I would like to give credit where credit’s due: this was all my husband’s idea. He planned it, he researched it, he (and my son) did most of the cooking. And although I won’t say this was the most delicious meal I’ve ever eaten, it was one of the most fun.
They started out yesterday making hardtack, not just for us to eat straight, but because figgy dowdy is made mostly of hardtack. Hardtack itself is made of flour, water, and a little salt, then baked at a low temperature until it is hard as a rock.
We carved “ER” in a few of them, so we could symbolically bite the queen later on.
We baked a second batch with a different recipe that used a little butter, and indeed, those were a lot easier to chew. Below is a plate full of the authentic hardtack, illustrating how much a sailor would receive as his ration every day:
A pound of tooth-chipping goodness!
The next day, my husband and son took the designated amount of hardtack out on the balcony and beat it to death with a bat:
It’s cowering in that bag.
Figgy dowdy requires hardtack crumbs, which are in fact quite hard to make. Hardtack is – I may have mentioned – pretty hard. Anyway, they finally crushed it sufficiently (or decided it would do), and then they mixed in the other ingredients: raisins and currants (which had been soaking in rum overnight), chopped figs, a little flour, a little sugar, a little nutmeg and ginger, more rum, water, three eggs, and a LOT of suet. Here’s my son kneading the mixture together. All those little white pellet-shaped things? SUET.
There were a lot of rum fumes, which he didn’t appreciate.
We then wrapped the mixture in flour-dusted cheesecloth, tied it shut, and set it in a pot of boiling water for three hours.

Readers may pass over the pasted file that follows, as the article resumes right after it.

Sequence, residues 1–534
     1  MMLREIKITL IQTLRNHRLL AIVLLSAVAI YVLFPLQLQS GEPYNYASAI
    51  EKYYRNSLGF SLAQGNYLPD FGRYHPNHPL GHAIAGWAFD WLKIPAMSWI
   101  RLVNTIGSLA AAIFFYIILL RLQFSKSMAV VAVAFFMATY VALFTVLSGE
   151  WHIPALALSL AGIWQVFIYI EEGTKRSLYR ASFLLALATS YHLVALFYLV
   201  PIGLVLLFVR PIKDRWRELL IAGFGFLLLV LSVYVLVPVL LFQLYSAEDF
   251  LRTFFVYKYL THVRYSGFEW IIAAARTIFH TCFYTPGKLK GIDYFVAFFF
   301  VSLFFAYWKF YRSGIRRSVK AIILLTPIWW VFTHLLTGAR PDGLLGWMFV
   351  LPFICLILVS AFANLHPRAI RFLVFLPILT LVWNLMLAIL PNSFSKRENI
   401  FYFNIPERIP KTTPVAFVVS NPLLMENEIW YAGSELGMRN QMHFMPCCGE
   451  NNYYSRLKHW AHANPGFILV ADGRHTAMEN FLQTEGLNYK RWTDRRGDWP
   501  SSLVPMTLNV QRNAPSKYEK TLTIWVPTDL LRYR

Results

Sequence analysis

A tidy, attractive package! My hand is close to the camera, which is making the dowdy look smaller than it is.
Enjoy your bath, dowdy!
At one point, all four burners on our stove were going: boiling the figgy dowdy, heating up water to add to the figgy dowdy if it boiled down too low, cooking up the pease porridge, and boiling the salt pork. Hot work on a hot day! The pease porridge was basically yellow split peas and onions, boiled down to mush, and then some egg and seasoning added in. THEN, it too was wrapped in cheesecloth and put in to boil with the salt pork.
Boilin’ boilin’ boilin! Keep that dinner boilin’!
So ok, the salt pork and pease porridge (hot!) were done before the dowdy, so we had our dinner all together tidily like so:
Clockwise from top: Pease porridge; salt pork; more salt pork; hardtack (one with butter and one without – you can’t tell by looking, but your teeth will know)
What’s that in the mug, you ask? Why that, darling, is grog — rum, water, lime juice, a little brown sugar. I found it drinkable, just. I liked the peas best. The hardtack was very cracker-like, honestly; nothing to fault but the texture. Salt pork, however, is nasty, at least the way we prepared it. To be fair, I don’t know that any meat is at its best, particularly, when boiled. Still, I found this unpleasantly salty, and the half-inch fat rind was kinda tasty, but it really sits in your stomach like a lump.
British sailors were rationed a pound of salt pork. PER DAY. I can’t even imagine.
So ok, you’re wondering how the figgy dowdy turned out. I can read your mind, clearly. Well, it turned out like THIS:
That’s right, bebeh. Slimy and delicious.
It held together reasonably well. It looked a little like a loaf of soda bread, or a brain. We were able to slice and eat it for dessert.
Mmm! The white lumps this time are chunks of still-hard hardtack. The suet all melted.
I would imagine that if you’ve been stuck at sea for months, eating a pound of hardtack and a pound of salt pork every day, this probably tasted sweet and delicate and heavenly. It was a bit like bread pudding, I guess, but damper and greasier and not very sweet at all. I liked it, but it was a lot of work to make. My husband was thoughtful enough to run the figgy dowdy ingredients through a nutrition website and make us this:
Look at that iron content! That’s got to be good for something!
Apparently their rations came to about 5000 calories per day. I imagine trimming the sails and heaving the capstan and dancing the hornpipe took a lot of energy, but ye gods, I can’t even imagine. My stomach still kinda feels like I swallowed a rock.